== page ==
This is one of the hottest housing markets that Chicago has ever seen…in the Green Zone.
The entire city isn’t as hot as it was in 2005-2007, but in certain Green Zone neighborhoods, the price is well past peak with multiple offers, bidding wars, buying sight unseen and other nonsense association with super hot housing markets.
In many of the listings in certain neighborhoods you would see the mention of the school such as “it’s in the highly desirable Nettlehorst school district” or “it’s in Blaine” or “it’s an affordable option in Bell.”
But now, some of the teachers and principals are fleeing CPS and heading to the suburbs.
According to the Chicago Tribune, Lake View high school principal Scott Grens is going to Lincolnwood:
The School Board announced Thursday that Lake View High School principal Scott Grens would be the new principal of Rutledge Hall for the 2016-17 school year.
Rutledge Hall is an elementary school serving about 400 students in grades 3 through 5.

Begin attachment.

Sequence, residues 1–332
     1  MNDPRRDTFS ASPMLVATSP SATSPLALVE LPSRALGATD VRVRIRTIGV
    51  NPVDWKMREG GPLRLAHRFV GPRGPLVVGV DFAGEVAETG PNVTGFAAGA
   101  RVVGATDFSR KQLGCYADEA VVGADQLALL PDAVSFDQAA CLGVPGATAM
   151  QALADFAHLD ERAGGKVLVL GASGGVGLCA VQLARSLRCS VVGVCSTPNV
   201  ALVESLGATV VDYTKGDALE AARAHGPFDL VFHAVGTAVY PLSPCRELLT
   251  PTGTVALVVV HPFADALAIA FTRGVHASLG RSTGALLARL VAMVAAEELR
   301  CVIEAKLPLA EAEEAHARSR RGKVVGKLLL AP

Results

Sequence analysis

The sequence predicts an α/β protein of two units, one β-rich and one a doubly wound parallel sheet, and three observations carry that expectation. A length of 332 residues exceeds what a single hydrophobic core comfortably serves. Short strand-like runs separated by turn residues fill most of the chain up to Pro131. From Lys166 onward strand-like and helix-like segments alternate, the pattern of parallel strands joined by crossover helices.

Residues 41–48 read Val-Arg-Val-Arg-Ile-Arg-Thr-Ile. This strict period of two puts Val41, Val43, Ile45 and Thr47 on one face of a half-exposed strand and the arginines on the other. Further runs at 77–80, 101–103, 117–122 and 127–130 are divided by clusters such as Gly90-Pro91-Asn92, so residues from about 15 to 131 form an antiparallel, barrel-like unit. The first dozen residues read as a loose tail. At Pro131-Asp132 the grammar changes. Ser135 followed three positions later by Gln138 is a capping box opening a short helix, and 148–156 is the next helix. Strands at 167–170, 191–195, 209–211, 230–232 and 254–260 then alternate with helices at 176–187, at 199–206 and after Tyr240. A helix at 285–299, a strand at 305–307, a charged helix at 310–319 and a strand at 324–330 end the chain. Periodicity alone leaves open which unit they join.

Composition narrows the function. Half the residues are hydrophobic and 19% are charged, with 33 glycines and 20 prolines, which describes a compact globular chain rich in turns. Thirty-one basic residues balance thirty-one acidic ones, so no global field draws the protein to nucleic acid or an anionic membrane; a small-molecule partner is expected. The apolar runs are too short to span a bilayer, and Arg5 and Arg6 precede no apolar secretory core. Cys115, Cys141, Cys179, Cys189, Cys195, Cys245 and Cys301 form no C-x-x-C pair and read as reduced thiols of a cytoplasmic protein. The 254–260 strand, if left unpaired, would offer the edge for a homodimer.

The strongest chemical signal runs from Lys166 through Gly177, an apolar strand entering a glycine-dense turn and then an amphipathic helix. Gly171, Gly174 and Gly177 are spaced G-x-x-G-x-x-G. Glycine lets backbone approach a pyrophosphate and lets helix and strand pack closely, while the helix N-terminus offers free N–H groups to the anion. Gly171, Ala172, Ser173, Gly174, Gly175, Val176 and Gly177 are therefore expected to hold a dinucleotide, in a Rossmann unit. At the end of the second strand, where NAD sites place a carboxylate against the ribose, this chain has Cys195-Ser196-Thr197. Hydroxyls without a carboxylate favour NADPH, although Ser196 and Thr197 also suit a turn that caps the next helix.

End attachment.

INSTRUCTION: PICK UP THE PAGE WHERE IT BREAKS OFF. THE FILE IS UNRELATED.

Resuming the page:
And nearby Lane Tech principal Kathryn Anderson, who had been principal for less than a year, is going to Deerfield. From DNA Info:
“It is with a heavy heart that I am writing to inform you that I have accepted a new position outside of the district, as the principal at Deerfield High School effective July 1, 2016,” Anderson said.
“While I look forward to the opportunities that await me, I will never forget my experiences at Lane that have shaped my educational outlook,” she said.
According to the job posting for the Deerfield postion, the principal’s job paid “in the range of $165,000 plus an excellent comprehensive benefits package.” According to CPS data, her salary at Lane Tech was $134,511 plus benefits as of March of 2016.
Lane Tech is one of the largest high schools in the state.
Over the past 15 years, home buyers in the Green Zone have been sold the idea that CPS was turning around and that families didn’t need to move to the suburbs for the schools anymore.
It’s not a surprise that home prices in both Bell and Blaine are now among the highest in the city as that’s where Blaine and Bell, highly touted neighborhood elementary schools, are located.
Is that narrative about to change?
Could it be the state budget problems, and not the Fed or a recession, that cools off the Green Zone housing market?